One of the things that I really appreciated in this book, and I thought it was very thoughtful of the author, was the fact that we got to find out the ending for every character. That is what happened to So and So after the events of the book. It was a nice touch and I really appreciated, I wasn’t agonising or left at a cliff-hanger. Thank you Mr. Kay, I really liked that. 🙂
Children of Earth and Sky is an amazing and thoughtful book, filled with interesting characters and places. It’s one of those rare books that has something that everyone can like: Kay’s loyal fans will love his return to the fictional Mediterranean world familiar from his 3 previous books, and they get to see how that world developed and moved on. They will also find clues and links to his previous works in that setting. No, no spoilers from me in this review, sorry. 🙂 Historians and history enthusiasts will get the chance to match fictional realms and cities to their real counterparts and have the joy of puzzling things out. Fantasy lovers will enjoy a great story; and not just fantasy lovers – all readers will enjoy a wonderfully written and well thought of story. If you liked Kay’s previous works you’ll love this one as well. If this is your first meeting with Kay give this book a go, it’s interesting, well written and well thought out, it will draw you in and make you want to puzzle out things and learn and definitely pick up some of his previous works.
Sadly I don’t know when Children of Earth and Sky will be translated and published in Croatia. I asked a friend who recently met with Neven Antičević (btw he’s mentioned and thanked in the acknowledgments at the end of the book for the plot bunny 🙂 ), Kay’s publisher in Croatia, at SFeraKon and she said that they are aware of the book, but they don’t know when it will be published, but they will do their best to make it happen as soon as possible. Let’s hope it will happen. Oh and if you would like to see a Croatian translation perhaps we could write to Algoritam and make an inquiry about it. If there’s enough interest maybe the translation will come out sooner, you never know. But if you can’t wait you can get the book in English and enjoy seeing Slavic names without diacritics, cracks me up every time. 🙂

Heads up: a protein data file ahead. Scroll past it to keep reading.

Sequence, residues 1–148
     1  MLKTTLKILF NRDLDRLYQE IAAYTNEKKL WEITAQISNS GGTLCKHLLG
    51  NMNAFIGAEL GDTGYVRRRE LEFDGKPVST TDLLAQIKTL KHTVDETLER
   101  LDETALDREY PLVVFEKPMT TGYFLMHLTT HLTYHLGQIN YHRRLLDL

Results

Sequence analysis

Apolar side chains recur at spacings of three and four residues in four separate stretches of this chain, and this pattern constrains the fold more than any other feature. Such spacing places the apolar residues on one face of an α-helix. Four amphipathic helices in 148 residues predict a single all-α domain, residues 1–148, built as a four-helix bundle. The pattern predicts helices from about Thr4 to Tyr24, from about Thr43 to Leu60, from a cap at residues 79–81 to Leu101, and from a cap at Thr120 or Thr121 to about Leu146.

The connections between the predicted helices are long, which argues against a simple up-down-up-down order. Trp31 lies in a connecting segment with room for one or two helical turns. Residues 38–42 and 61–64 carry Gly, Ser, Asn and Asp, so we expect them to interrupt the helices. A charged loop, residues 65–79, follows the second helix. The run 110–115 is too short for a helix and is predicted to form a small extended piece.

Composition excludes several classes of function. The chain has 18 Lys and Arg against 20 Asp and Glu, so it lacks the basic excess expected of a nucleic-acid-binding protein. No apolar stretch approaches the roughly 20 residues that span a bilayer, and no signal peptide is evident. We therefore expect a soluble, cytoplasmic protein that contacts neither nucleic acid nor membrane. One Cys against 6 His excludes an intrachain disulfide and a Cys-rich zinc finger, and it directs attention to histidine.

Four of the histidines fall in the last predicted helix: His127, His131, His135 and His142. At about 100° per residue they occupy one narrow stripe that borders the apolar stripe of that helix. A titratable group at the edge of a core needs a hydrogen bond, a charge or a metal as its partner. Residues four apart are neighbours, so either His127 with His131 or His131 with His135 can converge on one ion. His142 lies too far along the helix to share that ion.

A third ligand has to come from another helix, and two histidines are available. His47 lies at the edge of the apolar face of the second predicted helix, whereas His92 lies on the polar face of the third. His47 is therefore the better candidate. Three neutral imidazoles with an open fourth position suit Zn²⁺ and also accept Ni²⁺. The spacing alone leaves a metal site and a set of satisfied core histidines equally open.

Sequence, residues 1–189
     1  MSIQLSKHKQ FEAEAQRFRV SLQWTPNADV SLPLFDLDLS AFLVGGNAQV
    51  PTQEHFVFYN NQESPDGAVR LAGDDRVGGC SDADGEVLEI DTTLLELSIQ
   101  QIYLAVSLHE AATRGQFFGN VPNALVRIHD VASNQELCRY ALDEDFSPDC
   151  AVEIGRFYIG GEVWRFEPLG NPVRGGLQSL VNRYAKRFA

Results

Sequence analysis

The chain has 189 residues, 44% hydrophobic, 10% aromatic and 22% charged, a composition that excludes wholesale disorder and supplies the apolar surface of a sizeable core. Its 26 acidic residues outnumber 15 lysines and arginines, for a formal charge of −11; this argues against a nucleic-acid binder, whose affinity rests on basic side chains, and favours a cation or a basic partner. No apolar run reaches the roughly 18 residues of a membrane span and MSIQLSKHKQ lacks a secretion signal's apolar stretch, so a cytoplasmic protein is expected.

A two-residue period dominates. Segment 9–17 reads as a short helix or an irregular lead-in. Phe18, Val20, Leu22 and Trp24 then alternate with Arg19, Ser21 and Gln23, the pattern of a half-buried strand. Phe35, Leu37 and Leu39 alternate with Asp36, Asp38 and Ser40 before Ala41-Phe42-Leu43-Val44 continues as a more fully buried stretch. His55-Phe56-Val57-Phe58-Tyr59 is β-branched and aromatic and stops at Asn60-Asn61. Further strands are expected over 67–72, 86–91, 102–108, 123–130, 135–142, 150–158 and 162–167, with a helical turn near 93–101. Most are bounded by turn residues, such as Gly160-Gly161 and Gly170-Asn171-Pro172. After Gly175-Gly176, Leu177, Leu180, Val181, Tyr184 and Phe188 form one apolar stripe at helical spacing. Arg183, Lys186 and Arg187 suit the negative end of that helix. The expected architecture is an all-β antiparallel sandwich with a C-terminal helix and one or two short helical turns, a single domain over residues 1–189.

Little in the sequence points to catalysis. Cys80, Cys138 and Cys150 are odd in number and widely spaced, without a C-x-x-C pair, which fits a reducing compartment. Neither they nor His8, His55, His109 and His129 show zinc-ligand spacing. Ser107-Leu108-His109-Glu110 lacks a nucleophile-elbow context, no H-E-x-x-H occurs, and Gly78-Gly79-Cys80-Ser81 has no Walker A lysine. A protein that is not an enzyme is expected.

Meanwhile, if some of the topics mentioned are of any interest to you I’ll leave a few book recommendations for you to check out if you’re interested. Catherine Bracewell’s book The Uskoks of Senj, well known to every history student in Split and Croatia 🙂 (Kay also used it), is the best source about uskoks and Senj. It’s available both in English and Croatian. An excellent book about the history of Dubrovnik and the Republic of Ragusa is Robin Harris’ Dubrovnik: A History also available in English and Croatian. Many books were written about the Serene Republic of Venice, but a good newer book that I’m reading on and off (depends how much time I have) is Roger Crowley’s City of Fortune: How Venice Won and Lost a Naval Empire published in 2011. The Turkish historian Halil İnalcık wrote a couple of good books about the Ottoman Empire and his The Ottoman Empire: The Classical Age 1300–1600 is translated to Croatian and available in public libraries. Regarding the Triplex Confinium and life on the border of 2 huge empires and a Republic, a couple of books were published in Croatian. If memory serves me you can download them free of charge from the website. If have the time and are interested in trade and everyday life in the Mediterranean world I highly recommend you pick up Fernand Braudel’s two volumes of Mediterranean and the Mediterranean World in the Age of Philip II, also translated to Croatian and available in public libraries.
If you have any questions, comments, you want some more book recommendations, or you just want to chat with me about Kay’s newest book, or plan a strategy how to get this translated to Croatian as fast as possible leave a line below. I’d love to hear from you. I hope I didn’t bore you to death and that you liked the review. ‘till next time dear reader.